By Antonio Malara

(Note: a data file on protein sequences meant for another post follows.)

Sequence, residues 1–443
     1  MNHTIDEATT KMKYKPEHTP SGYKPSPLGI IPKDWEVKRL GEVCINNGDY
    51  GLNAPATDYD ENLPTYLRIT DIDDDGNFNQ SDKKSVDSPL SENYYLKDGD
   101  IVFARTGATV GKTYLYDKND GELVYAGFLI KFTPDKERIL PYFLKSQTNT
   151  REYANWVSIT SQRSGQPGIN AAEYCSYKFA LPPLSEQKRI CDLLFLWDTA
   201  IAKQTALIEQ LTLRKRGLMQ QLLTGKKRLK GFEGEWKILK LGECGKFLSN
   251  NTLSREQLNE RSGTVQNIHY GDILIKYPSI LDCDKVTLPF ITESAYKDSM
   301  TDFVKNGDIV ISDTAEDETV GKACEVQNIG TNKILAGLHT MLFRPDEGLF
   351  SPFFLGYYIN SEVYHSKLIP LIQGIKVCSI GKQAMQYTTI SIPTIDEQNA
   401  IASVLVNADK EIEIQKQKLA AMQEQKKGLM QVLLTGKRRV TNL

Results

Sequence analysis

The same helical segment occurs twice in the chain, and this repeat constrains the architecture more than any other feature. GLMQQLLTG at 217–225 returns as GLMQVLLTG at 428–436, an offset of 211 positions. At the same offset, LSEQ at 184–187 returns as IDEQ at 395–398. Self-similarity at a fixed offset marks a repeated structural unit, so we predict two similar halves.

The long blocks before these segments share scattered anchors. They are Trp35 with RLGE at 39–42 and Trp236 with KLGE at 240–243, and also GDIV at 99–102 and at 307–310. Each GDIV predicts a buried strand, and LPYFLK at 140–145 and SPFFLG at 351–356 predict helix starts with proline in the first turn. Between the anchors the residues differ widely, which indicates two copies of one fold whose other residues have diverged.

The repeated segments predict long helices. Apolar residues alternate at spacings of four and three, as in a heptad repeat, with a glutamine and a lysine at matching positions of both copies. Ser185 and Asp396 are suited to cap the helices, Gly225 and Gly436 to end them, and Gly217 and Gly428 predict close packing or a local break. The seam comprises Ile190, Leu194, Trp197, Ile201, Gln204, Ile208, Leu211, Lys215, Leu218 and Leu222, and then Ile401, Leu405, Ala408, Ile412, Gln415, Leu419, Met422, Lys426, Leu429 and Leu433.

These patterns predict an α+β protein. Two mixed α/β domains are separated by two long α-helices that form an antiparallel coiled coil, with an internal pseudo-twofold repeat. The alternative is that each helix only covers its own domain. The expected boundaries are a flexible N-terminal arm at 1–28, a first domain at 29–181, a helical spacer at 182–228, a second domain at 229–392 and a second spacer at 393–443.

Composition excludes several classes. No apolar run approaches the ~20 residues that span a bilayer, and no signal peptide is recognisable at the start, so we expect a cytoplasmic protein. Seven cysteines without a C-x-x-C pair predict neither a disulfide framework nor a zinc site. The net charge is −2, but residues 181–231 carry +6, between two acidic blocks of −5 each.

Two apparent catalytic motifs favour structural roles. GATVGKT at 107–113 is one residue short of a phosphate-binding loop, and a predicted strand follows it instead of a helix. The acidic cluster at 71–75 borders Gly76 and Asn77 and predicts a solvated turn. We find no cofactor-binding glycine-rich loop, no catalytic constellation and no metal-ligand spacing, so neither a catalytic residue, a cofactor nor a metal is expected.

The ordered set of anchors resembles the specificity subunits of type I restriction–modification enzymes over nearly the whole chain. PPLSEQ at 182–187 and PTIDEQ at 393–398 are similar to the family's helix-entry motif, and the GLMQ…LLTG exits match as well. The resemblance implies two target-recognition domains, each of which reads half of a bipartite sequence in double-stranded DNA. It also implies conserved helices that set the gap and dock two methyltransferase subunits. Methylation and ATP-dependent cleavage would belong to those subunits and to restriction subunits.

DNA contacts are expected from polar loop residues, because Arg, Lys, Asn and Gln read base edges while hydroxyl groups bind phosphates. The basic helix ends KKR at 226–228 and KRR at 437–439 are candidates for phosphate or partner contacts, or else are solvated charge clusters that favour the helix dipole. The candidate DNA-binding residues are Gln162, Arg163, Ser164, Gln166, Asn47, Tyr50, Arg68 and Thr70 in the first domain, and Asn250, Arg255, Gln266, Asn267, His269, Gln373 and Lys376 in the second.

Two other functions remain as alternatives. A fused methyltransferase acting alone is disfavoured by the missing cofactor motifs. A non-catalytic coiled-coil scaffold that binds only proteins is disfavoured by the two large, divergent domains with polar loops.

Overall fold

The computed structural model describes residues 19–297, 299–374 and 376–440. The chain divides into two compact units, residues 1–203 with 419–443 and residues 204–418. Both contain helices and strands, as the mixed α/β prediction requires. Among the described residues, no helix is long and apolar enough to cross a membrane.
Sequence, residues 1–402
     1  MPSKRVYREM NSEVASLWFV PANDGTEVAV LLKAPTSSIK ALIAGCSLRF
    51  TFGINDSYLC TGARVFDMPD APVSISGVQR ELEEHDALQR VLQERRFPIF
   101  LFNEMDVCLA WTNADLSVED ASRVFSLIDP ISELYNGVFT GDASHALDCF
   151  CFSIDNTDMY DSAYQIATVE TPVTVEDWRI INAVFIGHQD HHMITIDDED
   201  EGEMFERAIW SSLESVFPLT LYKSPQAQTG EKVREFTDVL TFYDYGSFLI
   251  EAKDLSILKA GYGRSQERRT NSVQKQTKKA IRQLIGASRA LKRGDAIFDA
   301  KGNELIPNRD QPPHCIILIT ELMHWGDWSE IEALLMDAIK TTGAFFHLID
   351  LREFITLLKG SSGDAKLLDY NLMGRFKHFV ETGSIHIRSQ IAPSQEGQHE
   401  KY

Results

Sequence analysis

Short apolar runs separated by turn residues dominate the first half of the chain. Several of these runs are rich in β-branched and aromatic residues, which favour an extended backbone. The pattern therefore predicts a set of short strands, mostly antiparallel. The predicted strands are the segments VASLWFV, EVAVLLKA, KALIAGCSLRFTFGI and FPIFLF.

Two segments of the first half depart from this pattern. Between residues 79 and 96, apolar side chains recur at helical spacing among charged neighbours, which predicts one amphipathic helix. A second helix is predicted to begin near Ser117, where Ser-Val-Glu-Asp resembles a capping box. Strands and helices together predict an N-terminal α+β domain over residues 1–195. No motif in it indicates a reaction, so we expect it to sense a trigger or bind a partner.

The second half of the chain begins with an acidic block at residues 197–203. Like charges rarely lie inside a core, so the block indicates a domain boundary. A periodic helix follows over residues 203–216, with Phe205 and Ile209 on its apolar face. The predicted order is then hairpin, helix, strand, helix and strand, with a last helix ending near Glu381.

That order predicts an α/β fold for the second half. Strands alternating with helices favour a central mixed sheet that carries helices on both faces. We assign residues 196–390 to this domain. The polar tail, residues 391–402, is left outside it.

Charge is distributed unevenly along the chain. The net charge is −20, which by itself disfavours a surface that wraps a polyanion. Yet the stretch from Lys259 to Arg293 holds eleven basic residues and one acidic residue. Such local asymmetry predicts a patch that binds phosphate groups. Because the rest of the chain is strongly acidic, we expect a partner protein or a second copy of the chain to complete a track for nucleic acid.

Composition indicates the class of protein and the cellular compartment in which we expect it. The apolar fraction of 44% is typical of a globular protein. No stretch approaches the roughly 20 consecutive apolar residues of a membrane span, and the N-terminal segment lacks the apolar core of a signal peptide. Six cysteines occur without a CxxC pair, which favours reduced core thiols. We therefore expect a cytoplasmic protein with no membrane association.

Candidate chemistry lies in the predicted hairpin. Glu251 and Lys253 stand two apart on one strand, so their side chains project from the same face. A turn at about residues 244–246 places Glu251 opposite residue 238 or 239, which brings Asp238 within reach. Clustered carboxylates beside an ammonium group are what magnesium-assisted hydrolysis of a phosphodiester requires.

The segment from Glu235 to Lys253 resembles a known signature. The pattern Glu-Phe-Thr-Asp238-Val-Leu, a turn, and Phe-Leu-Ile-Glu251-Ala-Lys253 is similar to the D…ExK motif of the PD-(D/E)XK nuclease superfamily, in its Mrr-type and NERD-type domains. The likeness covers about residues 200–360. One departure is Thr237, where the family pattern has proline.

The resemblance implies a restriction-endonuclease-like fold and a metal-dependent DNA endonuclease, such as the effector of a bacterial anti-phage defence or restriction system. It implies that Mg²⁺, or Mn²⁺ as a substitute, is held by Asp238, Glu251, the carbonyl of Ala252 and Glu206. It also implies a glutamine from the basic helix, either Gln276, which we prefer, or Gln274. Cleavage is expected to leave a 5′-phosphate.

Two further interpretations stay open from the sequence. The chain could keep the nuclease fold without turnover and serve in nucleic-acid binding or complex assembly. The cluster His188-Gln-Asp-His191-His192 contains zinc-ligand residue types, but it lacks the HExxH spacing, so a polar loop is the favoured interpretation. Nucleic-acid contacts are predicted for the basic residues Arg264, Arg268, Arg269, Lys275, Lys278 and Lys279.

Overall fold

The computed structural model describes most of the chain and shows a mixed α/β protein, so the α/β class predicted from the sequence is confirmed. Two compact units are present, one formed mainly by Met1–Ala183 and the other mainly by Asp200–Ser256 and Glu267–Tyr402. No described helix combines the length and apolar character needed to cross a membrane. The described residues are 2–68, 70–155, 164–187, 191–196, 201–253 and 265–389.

Osaka was the sixth Japanese city that I visited during the trip made with my sister that took me to visit this country in April 2018. This destination, unlike others, was strongly desired by me and in fact it was not a cultural destination. For me it was enough to see a skyscraper with a particular shape in an architecture magazine to be intrigued by a city. It was exactly what had happened for Osaka, moreover I had noticed that the city was very futuristic with modern buildings and an equally interesting urban planning. Actually in Osaka people went to visit the famous castle, however I managed to convince my sister to avoid that visit and rather focus on the main streets and thus get to know the true soul of the city. We visited Osaka one afternoon after being in Nara, thus scheduling a cultural and a leisure visit. We arrived at Osaka station at lunchtime and once we got off the train and went to the upper level of the platforms, what I saw was something that made me forget for a while the appetite I had.